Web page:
After a couple of hours, the crew arrived in Bath and took a mooring ball off the shore of the Maine Maritime Museum. The museum was very good when the crew visited back in 2017, but the crew has decided to just chill on the boat for the evening and forego the museum this trip.
The crew timed their departure so they could take advantage of the outgoing tide and ride the current downriver back to the Gulf of Maine. Along the way down river, they passed several more lighthouses.
After making way back to the Gulf, the crew made a course to go to Eagle Island where the home of Admiral Peary sits overlooking Casco Bay. However, as they approached the Bay the skipper could see a large tower atop an Island. He navigated towards Little Mark Island to investigate the tower. The tower was built from rocks quarried on the Island. Back in the day, the tower had a cache of supplies inside to aid any ship wreck victims in the area. The tower was built in 1827, and was a functional replica of a similar structure built in 1811 at Cape Elizabeth, and in 1823 off Biddeford.
Just past Little Mark Island was Eagle Island so the skipper swung over and got a few pics of the Admiral Peary home. In 2017, the crew went ashore and toured the house, but it was closed today when they arrived.
The Guinness Book of World Records might surprise you as to the claim of who was first to the North Pole. The question has raged for years. Frederick Cook, claimed he had made the pole on 21 April 1908. He spent the next year trying to get back to civilization and finally encountered Robert Peary returning from his quest of the pole on 6 April, 1909.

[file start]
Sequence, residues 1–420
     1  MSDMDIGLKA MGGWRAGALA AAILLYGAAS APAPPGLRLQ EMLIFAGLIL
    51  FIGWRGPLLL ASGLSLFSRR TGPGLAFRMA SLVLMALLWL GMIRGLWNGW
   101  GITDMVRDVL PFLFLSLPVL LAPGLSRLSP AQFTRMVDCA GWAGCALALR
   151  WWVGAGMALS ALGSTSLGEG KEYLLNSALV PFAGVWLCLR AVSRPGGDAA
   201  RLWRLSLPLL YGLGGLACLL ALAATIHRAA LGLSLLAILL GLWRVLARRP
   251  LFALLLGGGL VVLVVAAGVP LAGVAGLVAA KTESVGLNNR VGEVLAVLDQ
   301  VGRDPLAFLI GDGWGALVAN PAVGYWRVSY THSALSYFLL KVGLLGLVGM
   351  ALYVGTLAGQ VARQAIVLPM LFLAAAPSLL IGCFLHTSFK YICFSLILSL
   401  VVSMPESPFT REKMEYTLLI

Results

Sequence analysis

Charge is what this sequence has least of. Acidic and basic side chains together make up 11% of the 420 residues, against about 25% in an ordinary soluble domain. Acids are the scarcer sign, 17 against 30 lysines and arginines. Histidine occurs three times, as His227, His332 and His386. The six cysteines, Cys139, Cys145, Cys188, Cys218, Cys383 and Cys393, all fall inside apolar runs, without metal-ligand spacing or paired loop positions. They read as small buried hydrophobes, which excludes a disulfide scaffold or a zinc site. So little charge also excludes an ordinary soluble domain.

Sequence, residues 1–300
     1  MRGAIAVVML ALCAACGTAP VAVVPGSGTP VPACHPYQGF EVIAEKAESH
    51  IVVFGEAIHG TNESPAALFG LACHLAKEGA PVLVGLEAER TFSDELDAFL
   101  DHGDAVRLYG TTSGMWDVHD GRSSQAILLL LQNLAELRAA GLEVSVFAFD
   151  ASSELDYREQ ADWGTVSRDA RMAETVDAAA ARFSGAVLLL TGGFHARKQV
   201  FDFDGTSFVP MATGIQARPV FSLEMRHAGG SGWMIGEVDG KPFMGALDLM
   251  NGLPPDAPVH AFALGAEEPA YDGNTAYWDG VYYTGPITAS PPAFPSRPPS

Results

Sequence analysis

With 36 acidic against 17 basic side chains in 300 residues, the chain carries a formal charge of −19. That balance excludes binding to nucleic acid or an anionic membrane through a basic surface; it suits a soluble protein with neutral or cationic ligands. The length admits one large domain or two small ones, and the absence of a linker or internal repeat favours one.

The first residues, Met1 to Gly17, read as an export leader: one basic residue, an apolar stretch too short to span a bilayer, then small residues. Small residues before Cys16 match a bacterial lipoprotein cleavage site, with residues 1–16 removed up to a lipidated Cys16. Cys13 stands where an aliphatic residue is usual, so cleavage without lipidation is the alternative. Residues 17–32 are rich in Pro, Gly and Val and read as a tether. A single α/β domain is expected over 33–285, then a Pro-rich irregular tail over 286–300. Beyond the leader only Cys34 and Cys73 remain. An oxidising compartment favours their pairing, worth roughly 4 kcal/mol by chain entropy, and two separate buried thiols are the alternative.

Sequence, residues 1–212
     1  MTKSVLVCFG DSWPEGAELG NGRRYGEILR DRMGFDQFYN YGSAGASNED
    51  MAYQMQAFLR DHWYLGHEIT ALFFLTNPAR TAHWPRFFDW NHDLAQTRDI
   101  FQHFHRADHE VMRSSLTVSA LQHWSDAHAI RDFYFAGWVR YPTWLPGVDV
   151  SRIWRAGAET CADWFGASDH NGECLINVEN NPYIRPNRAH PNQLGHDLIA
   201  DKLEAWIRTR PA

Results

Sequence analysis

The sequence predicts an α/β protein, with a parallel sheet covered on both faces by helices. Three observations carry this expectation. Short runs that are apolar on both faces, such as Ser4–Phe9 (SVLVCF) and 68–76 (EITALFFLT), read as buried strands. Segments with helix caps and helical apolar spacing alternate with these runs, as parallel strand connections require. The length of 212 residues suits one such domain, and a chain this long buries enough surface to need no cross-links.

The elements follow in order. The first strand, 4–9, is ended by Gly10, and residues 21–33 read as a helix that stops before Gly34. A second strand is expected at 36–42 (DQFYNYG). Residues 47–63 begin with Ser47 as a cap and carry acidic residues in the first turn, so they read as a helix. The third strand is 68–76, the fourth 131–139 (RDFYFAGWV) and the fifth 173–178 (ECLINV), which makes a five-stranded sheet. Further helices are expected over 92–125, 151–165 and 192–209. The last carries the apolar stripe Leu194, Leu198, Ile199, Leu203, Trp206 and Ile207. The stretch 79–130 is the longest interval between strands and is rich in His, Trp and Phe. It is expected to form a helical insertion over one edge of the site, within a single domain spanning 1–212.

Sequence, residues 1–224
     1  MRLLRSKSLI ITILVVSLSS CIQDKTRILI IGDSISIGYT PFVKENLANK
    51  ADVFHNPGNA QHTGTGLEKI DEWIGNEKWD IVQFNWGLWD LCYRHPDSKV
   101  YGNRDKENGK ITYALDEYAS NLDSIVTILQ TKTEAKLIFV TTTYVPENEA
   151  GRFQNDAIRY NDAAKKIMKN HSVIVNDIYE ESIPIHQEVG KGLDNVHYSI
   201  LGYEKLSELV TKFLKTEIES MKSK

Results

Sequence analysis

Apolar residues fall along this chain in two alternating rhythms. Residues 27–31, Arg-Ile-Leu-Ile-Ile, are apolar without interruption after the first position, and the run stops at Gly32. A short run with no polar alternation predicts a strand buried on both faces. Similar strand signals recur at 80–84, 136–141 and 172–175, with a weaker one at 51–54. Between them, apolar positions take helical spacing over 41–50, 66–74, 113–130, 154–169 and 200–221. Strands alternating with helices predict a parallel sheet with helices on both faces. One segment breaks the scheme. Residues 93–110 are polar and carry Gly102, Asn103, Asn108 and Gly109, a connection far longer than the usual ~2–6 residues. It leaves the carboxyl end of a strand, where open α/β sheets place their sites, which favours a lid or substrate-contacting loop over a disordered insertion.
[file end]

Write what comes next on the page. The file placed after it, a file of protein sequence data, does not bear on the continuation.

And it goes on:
Peary agreed to give Cook a ride back to America on his ship, but refused to take any records confirming Cook’s claim of achieving the pole the year before. Cook cached his records, but they have never been found and are lost to history, making his claim unverifiable. In 1989, an investigation into Peary’s claim proved he was still 5 miles from the pole, nullifying his claim to be first. So, the first person to reach the North Pole – on foot, with dogs- was Sir Wally Herbert (UK), on 6 April 1969.
After the photo op was complete, the crew completed the day’s cruise by taking a mooring ball at Cliff Island, just west of Eagle Island.
The crew was less than 10 miles from the marina at Portland where they planned to stop and re-provision. Consequently, they dropped the mooring ball late morning and headed towards the Portland Head Lighthouse. After getting a few pictures, the crew headed for the marina.
After getting settled at the marina, the crew used the courtesy car to go make a Walmart run. But before that important task, the crew finally had a ‘Welcome Back to the US’ celebratory lunch at the skipper’s favorite burger joint. The last time the skipper had one of these burgers was at Burlington, Vermont. He had a near miss in Halifax. The grand opening was two days after the crew left Halifax. But today, well today was the day.
The wind and waves have combined today to take the pleasure out of pleasure boating. Consequently, the crew decided to stay in Portland one more day to allow the weather to pass. Tomorrow is predicted to be a much better day.
The delay in departure allowed the skipper to do a little research on Fort Popham that sits on Hunnewell Point at the mouth of the Kennebec River from Bath that they cruised by the other day.
The skipper was wondering who the Fort was named after, as well as the Beach carrying the Popham name also. The Fort was used during both the Civil War and WWI, but has never seen any action. However, during the research, the skipper found an interesting story about the Lost Colony of Popham.